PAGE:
Come on now. You don't really think we're that good, do you? :) If we could diagnose it over a computer, your mechanic would be out of work. He will perform some tests to determine the cause and course of action. We can't see or hear it. He will probably start with a compression test. If it is low in that one cylinder he will listen for any unusual noises which could indicate a cracked piston, (dig deep into your wallet), a bent valve, (still fairly expensive), or perhaps a broken rocker arm, (not quite so expensive). While a compression test will verify the compression is low, a cylinder leakage test will identify the cause. Compressed air is pumped in through the spark plug hole, then you listen in four places to determine where it is leaking out. A common problem on Fords is a leaking head gasket but there still should be SOME compression. Now, that description pertains to a loss of compression. You used the term "combustion" which many people use incorrectly when they mean compression. If you really meant combustion, that would imply the dead cylinder is fine mechanically, just that it isn't firing and contributing any power. That's going to be a whole lot less expensive. Basically you have a spark plug or an injector that isn't working. Both are driven by the Engine Computer which could be defective, but there's a lot of much less expensive things that are more common causes.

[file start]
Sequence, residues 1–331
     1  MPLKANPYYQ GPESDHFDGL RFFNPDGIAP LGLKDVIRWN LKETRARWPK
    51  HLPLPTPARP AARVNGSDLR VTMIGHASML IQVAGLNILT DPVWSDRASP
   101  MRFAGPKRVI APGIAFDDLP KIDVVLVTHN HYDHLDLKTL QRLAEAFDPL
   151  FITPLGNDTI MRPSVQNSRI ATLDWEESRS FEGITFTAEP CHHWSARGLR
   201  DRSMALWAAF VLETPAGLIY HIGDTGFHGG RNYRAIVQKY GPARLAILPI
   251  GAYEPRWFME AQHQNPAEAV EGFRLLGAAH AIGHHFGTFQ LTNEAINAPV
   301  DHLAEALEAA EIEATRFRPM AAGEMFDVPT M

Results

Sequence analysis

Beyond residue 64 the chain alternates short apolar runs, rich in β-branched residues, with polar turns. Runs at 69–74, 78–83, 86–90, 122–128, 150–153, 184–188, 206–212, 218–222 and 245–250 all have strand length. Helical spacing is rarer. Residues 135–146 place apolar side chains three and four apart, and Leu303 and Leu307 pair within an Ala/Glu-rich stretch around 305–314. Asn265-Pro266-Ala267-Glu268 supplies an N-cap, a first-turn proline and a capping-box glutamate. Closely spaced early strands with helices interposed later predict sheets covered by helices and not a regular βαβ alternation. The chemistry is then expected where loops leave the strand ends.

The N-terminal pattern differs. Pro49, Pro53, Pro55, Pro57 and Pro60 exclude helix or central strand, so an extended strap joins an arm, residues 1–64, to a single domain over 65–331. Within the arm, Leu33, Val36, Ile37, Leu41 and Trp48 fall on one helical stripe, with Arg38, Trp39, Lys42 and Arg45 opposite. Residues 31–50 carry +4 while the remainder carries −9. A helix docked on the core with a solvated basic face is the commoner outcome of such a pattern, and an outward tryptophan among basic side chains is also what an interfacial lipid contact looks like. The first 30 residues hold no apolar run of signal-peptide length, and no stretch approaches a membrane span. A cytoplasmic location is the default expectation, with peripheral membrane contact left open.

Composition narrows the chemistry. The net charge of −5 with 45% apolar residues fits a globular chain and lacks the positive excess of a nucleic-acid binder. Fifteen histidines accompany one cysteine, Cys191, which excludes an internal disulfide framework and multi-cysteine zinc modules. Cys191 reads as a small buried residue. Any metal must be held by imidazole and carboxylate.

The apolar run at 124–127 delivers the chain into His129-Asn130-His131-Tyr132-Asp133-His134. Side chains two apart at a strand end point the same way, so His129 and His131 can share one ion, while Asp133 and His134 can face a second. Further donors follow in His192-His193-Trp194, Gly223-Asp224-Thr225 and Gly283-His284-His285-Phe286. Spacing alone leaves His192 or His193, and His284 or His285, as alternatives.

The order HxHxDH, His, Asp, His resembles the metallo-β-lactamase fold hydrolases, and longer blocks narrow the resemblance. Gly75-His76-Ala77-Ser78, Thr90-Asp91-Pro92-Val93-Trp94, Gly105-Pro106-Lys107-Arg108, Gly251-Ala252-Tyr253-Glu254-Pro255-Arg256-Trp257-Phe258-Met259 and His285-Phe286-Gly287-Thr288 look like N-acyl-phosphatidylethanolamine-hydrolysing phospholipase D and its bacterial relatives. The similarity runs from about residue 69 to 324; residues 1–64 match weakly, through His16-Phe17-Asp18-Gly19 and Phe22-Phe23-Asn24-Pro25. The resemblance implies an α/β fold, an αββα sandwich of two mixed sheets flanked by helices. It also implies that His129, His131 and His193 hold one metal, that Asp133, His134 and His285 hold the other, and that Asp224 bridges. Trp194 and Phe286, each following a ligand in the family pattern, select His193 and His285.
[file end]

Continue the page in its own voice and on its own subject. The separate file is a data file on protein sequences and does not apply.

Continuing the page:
Wednesday, March 9th, 2011 AT 10:46 PM